Kate, thank you for taking the time to read my post. What I failed to share is that I never shared any of this with my incredible mother until my father was out of our lives. Children often don’t share with others about the distress of verbal abuse out of fear that no one will believe them or that what is being said to them is the truth. She is an amazing, kind, and loving mother and still carries the guilt with her about how I was treated. I hope that helps you understand why I made the statement I did.

  • Kelly Holmes

    Thank you for your kind words Jen! Namaste.

  • Kelly Holmes

    Thank you for sharing your wisdom Peter.

  • Kelly Holmes

    Kat, thank you for taking the time to read my post. Best wishes in finding a place to practice your yoga and also know that creating a home based practice can be just as healing and rewarding!

  • Kelly Holmes

    Surrounding yourself with positive people helps provide you support in your struggle. Yoga and the community within is what helped me. I felt the same way when I started, but I kept at because I wanted to find the peace that I saw in others around me. Try a class and if it’s not for you I encourage you to explore other avenues and find the best fit for you. Best wishes in your journey 🙂

  • Kelly Holmes

    Thank you for you kind words Jennifer. Best wishes to you on and off your mat 🙂

  • Kelly Holmes

    Christina, I am sorry that that is what you took out of my post. The truth is my mother never knew the things he said to me because as I child I was scared to reveal them. When my father finally did leave and I informed her of what was going on growing up it hurt her and still does to this day. My mother is an amazing woman and I love her deeply. I hope that you can find some of the more positive lessons in my post rather than focus on a woman that wasn’t at fault.

  • Kelly Holmes

    Thank you Chantel and best wishes to you!

  • Kelly Holmes

    It really is a wonderful mantra isn’t it. I hope it brings you peace and awareness on those ugly “not enough itis” days 🙂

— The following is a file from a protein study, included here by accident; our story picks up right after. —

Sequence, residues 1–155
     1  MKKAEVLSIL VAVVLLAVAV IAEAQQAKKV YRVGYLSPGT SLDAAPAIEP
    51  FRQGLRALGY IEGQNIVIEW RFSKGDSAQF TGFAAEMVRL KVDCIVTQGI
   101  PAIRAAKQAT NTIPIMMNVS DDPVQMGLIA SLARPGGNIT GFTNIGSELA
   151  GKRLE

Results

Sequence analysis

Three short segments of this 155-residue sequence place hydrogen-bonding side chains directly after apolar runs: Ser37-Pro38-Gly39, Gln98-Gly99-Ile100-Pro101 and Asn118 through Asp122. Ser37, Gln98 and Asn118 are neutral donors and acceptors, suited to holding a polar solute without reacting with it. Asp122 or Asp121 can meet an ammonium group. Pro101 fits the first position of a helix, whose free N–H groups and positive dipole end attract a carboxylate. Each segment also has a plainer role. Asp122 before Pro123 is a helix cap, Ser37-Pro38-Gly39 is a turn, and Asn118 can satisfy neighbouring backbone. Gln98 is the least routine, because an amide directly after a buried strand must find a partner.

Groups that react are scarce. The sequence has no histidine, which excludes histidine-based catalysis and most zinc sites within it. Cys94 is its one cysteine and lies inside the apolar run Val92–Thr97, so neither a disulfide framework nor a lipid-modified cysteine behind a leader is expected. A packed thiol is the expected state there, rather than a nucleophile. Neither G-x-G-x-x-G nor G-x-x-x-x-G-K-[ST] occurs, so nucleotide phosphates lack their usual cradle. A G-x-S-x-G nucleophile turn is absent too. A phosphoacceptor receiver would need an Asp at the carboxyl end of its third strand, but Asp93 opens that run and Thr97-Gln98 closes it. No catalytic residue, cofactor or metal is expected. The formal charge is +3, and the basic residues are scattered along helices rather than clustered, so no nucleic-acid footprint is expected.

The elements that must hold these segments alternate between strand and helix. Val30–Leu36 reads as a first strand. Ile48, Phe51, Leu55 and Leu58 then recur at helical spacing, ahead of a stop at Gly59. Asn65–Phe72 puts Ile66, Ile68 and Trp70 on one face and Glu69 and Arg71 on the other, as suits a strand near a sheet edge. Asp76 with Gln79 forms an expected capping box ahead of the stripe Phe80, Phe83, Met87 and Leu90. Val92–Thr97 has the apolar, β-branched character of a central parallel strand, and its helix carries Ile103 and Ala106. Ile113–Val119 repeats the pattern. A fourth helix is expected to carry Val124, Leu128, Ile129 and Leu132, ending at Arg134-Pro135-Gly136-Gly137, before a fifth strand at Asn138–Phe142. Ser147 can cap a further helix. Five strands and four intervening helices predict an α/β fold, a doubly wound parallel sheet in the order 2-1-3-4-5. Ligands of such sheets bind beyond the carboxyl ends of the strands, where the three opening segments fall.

• Kelly Holmes

    Thank you for your inspiring words and for sharing your story. Sharing our journeys not only can help others in need, but can also be healing for us to see how far we’ve come. Best wishes to you!

  • Kelly Holmes

    I am proud of you for acknowledging your achievements on the inside and I encourage you to share them with others. If you do not feel that you have a safe and supportive network already, seek out groups of people that share your interests. Finding others who share your passion will help you create the support group that we all need.

  • I try to find groups of people who share my interest but then again, the way society is going these days, is slim to none

  • Alexander

    Nicky,
    Your patience is amazing, and I think you are going about things the right way – reading Kelly Holmes’ article on this website, commenting for feedback, and being honest with yourself. Just remember, we will often draw people and experiences into our life which pretty much are aligned with how we view ourselves. Keep doing your best to grow internally into a positive and active person, and in turn, you will start to see happier and active people being drawn to you. They will want to be around you, and will not be able to stop in acknowledging your accomplishments – the biggest one being that you are the best version of yourself.